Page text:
Emphasizing the need for data-driven interventions, discussions revolved around the importance of legislative frameworks and bridging data gaps. Informed policies are essential, and harmonizing data ensures coordination and effective programming against gender-based violence (GBV) and harmful practices (HP).
"Spotlight Initiative marks a pivotal step, but understanding the socio-cultural nuances influencing gender-based violence is vital for effective interventions," said Dr. Anthony Ajayi, researcher from the African Population and Health Research Centre (APHRC). "By fostering a culture of research appreciation among policymakers and influencers, we amplify the impact of evidence-informed strategies to combat GBV."
Country presentations revealed the transformative role communities play in addressing these issues. The consistent theme was the power of grassroots movements and collaboration between governments and community leaders as a critical pathway for change.
"Addressing sexual and gender-based violence (SGBV) and harmful practices demands a comprehensive approach where government plays a pivotal role in ensuring perpetrator accountability and fostering survivor-centered services," said Titilola Vivour-Adeniyi, Executive Secretary of the Lagos State Domestic and Sexual Violence Agency. "The commitment of the Lagos State Government is unwavering, as evidenced by our focus on evidence-based policies, sustained advocacy and established initiatives like DSEA. Gender equality and social inclusion are not just words but integral pillars of our developmental agenda."
On the second day, field visits offered direct insights into the lived reality of women and girls. Feedback from these expeditions highlighted the pressing need to amplify successful strategies and boost community involvement to tackle the pervasive issue of GBV while creating opportunities to lean and scale for impact successful initiatives.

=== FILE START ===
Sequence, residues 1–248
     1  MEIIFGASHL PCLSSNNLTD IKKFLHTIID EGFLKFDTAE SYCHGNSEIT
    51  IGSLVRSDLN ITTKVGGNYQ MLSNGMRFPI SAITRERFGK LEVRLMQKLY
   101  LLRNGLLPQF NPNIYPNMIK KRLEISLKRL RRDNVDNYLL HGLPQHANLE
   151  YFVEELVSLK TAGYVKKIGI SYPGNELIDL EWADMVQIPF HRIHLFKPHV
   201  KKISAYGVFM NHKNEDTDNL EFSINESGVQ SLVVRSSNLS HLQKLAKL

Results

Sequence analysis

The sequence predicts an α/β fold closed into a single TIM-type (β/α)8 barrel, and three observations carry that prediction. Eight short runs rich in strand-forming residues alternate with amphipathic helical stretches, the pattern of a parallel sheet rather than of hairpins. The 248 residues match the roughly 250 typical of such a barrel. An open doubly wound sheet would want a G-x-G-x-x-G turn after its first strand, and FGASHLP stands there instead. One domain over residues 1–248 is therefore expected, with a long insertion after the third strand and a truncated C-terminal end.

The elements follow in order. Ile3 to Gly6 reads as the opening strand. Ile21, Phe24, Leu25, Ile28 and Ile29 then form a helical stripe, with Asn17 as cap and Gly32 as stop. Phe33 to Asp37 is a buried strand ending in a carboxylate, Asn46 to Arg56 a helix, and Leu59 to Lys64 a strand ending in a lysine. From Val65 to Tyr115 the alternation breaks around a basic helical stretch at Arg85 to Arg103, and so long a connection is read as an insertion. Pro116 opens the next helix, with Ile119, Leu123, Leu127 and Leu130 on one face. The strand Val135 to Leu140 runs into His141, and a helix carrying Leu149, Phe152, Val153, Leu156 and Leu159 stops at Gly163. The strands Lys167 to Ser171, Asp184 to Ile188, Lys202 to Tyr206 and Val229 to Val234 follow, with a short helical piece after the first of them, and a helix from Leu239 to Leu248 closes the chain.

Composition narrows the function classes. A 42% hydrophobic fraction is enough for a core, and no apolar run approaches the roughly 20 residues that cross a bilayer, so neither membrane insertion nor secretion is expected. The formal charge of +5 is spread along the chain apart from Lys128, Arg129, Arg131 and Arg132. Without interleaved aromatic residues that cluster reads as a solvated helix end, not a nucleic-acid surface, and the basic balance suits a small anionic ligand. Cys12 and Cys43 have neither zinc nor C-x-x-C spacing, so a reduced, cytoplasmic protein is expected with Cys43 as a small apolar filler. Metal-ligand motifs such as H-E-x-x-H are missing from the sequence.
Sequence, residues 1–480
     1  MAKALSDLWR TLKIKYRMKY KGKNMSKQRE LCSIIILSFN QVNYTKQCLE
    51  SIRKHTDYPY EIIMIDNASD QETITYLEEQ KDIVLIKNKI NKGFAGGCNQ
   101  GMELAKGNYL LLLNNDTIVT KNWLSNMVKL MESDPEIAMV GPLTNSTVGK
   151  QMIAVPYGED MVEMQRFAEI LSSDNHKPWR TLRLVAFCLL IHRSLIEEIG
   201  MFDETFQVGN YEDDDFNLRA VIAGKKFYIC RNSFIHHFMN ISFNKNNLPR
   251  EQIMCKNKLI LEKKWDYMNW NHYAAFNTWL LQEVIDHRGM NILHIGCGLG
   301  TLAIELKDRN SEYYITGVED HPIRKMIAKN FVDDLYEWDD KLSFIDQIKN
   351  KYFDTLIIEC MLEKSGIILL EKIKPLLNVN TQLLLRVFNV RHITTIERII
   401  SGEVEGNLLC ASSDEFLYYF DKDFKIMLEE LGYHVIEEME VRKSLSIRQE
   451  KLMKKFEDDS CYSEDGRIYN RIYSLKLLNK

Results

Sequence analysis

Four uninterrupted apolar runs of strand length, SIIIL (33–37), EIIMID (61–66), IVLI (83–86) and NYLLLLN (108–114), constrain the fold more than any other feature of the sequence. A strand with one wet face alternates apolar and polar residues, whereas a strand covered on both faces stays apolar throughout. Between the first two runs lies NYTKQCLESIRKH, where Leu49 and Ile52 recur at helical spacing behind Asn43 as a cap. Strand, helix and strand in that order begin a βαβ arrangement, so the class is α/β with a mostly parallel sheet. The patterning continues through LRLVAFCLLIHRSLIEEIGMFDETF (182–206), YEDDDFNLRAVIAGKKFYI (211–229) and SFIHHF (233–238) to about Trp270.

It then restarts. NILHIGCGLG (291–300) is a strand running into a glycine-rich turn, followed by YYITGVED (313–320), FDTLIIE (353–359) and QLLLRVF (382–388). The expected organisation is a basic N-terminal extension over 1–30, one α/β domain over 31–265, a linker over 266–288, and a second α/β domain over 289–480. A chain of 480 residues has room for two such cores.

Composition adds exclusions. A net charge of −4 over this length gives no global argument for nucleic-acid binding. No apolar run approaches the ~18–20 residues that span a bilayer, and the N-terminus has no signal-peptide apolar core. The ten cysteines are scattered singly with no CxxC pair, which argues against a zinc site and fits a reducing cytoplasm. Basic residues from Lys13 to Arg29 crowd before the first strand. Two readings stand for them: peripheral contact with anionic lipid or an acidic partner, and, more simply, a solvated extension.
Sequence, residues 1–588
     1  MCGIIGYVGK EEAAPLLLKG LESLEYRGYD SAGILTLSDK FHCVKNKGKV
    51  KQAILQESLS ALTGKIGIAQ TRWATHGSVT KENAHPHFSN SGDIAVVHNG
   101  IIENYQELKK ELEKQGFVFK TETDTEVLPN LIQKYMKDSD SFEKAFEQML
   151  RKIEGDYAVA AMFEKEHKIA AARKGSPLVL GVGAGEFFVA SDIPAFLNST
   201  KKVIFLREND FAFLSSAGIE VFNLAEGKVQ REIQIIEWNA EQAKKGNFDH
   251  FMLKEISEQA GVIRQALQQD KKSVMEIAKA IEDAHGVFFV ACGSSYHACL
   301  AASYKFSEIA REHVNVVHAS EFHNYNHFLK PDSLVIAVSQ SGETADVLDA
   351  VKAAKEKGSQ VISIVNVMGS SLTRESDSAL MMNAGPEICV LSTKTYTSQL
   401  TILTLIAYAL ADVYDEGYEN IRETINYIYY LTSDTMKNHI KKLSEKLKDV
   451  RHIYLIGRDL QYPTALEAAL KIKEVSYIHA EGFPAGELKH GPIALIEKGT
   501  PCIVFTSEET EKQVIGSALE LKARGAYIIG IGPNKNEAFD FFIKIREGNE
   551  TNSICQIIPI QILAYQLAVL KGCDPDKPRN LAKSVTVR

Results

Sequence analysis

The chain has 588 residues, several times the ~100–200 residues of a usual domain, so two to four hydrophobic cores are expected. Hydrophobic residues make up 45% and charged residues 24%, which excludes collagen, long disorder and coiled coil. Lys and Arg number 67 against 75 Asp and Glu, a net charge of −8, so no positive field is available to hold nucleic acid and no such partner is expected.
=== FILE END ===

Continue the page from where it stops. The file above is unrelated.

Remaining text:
The final day focused on innovative financial strategies for the upcoming Spotlight Initiative phase to be implemented at the country level. This workshop signals a renewed dedication to combat GBV and HP across Africa.
Julius Otim, the Regional Spotlight Initiative Coordinator noted, "The Spotlight Initiative regional programming is transitioning with a fresh approach. While its structure might change, it will stand on previously laid groundwork. Teamwork and sustainability are of the essence. Given the significant involvement of African nations, aligning strategies with regional blueprints becomes vital for a seamless shift and sustained cooperation."
The Spotlight Initiative Africa Regional Programme (SIARP) is a collaboration between the UN, EU, and AU, aiming to counteract violence towards women and girls and harmful practices. The programme amplifies strategies like the African Union's Gender Strategy, the UN Agenda 2030, and the Maputo Action Plan. With interventions in Mozambique, Niger, Uganda, Malawi, Liberia, Zimbabwe, Mali and Nigeria, the initiative strives for impactful outreach across the continent.